- In most cases, it works to your advantage to have the joint venture agreement in writing. If you enter into the agreement with an oral contract, it can be very difficult to prove the contract in court. If a lawsuit arises, you may not be able to prove anything. Contracts that involve more than $500 or any other property should generally be in writing. If the agreement is expected to last for more than a year, you should also enter into a written contract.
Terms and Responsibilities
- When entering into a contractual joint venture agreement, it is also critical to outline the terms and responsibilities of each party. If the details are not spelled out, the parties may not understand exactly what they are expected to do. This helps avoid any confusion over roles and moves the joint venture forward.
Payment and Termination
- In the contractual agreement, you should also include information such as payment arrangements and how the joint venture may ultimately be terminated. For example, if money will be collected, it should show exactly the percentages that will go to each party. The agreement should also outline the conditions that must be met before the joint venture agreement will be terminated. If the joint venture has a specific time limit, include it in the contract.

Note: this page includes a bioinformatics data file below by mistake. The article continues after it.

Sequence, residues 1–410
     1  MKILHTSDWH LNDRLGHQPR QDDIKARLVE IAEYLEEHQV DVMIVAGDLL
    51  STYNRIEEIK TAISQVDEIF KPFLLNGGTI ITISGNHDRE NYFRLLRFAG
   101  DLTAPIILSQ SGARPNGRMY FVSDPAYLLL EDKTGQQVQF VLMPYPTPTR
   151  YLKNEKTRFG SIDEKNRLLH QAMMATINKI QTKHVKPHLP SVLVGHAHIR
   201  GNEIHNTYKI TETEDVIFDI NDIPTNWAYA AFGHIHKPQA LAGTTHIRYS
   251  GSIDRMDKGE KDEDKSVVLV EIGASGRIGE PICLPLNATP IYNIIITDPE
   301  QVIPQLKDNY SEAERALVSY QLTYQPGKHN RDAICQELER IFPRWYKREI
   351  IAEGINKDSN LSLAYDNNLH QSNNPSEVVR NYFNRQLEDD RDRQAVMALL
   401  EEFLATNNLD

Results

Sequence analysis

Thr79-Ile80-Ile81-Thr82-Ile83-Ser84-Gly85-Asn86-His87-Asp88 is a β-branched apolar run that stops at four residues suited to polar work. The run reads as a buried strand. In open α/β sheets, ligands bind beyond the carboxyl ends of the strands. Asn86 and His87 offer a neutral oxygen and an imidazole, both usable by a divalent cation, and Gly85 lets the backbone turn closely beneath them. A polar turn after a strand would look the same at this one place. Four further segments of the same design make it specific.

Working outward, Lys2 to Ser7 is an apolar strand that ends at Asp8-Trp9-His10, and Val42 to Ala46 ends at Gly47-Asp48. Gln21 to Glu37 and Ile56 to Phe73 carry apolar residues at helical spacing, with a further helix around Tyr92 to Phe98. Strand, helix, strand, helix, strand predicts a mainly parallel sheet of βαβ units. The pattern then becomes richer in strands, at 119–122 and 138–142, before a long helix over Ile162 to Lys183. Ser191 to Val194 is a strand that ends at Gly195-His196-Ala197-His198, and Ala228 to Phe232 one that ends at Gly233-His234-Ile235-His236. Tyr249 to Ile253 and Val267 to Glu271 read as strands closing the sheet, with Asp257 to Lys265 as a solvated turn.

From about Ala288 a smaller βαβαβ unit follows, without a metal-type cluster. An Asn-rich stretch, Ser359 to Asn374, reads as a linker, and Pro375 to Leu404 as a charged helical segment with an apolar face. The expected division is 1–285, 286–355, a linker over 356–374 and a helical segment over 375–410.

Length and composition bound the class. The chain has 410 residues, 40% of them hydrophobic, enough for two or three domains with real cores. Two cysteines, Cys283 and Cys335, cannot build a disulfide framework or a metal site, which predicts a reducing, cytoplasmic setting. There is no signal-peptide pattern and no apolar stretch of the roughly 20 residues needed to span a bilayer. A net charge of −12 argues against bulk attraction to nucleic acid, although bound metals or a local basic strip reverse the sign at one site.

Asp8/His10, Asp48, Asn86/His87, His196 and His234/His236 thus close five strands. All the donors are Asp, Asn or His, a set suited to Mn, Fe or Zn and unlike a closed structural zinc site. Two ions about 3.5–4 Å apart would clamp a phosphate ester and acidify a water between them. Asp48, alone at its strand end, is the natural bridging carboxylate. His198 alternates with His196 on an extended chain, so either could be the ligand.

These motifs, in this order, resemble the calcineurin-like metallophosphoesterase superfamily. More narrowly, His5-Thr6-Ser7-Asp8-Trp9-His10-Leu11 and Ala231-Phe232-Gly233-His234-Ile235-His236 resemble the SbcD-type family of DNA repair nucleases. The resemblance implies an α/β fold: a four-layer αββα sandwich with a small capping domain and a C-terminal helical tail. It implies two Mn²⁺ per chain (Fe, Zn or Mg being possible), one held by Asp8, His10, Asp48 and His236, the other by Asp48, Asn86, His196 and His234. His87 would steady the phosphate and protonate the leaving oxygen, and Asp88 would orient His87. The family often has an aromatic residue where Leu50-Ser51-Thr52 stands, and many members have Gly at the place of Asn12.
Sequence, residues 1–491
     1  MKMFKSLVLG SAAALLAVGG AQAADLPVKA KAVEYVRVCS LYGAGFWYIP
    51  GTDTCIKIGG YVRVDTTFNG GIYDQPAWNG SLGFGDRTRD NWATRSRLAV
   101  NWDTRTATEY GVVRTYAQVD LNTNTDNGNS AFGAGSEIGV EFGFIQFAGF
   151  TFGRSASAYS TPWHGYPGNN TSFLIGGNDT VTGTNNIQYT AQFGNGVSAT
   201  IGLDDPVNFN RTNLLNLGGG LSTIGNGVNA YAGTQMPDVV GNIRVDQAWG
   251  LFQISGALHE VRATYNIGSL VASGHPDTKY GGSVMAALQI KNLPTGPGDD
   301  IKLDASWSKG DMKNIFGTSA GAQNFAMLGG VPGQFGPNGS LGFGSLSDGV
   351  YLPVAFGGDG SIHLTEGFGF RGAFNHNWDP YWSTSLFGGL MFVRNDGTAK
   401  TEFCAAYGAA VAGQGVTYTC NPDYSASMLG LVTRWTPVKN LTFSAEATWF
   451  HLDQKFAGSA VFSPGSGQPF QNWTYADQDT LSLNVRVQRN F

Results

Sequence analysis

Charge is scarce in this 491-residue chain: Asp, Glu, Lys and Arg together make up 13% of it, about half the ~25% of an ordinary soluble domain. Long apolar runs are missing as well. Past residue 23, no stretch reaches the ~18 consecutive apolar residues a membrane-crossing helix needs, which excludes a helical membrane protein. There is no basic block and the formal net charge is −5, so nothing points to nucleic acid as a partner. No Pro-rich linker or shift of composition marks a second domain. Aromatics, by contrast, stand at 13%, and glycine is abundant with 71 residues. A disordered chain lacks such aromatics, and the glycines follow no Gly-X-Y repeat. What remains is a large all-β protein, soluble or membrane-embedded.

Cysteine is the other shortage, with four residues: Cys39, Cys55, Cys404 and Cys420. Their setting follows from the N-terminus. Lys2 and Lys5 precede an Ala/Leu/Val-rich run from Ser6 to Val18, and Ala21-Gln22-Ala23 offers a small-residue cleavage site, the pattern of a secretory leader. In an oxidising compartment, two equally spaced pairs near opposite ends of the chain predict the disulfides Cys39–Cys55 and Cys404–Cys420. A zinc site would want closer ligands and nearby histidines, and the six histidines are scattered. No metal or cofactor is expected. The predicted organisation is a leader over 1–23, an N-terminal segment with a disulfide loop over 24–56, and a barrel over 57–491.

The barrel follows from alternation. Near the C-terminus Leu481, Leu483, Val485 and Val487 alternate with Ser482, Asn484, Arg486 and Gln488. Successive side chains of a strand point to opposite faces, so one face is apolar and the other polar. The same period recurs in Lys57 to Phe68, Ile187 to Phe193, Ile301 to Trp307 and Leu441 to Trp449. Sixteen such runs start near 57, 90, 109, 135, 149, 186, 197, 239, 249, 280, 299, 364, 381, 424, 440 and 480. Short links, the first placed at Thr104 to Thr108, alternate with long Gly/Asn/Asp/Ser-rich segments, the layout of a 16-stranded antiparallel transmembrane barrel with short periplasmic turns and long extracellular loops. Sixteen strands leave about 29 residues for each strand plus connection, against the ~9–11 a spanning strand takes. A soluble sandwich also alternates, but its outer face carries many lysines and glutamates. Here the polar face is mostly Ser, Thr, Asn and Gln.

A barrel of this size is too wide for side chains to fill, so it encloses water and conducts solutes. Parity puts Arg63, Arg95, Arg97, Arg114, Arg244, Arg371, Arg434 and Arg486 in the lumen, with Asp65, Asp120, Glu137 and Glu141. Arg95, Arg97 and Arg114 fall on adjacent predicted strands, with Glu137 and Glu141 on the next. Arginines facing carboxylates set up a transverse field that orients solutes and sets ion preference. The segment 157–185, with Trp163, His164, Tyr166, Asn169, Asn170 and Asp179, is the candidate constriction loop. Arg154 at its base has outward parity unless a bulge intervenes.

- The contract should also include information about how disputes will be resolved. For example, you may want to include information about going through arbitration if a dispute comes up. If you decide in advance how disputes will be settled, you can potentially save a large amount of money on legal costs by avoiding a lawsuit. Without these provisions, the members of a joint venture may run into problems and have no way of resolving them.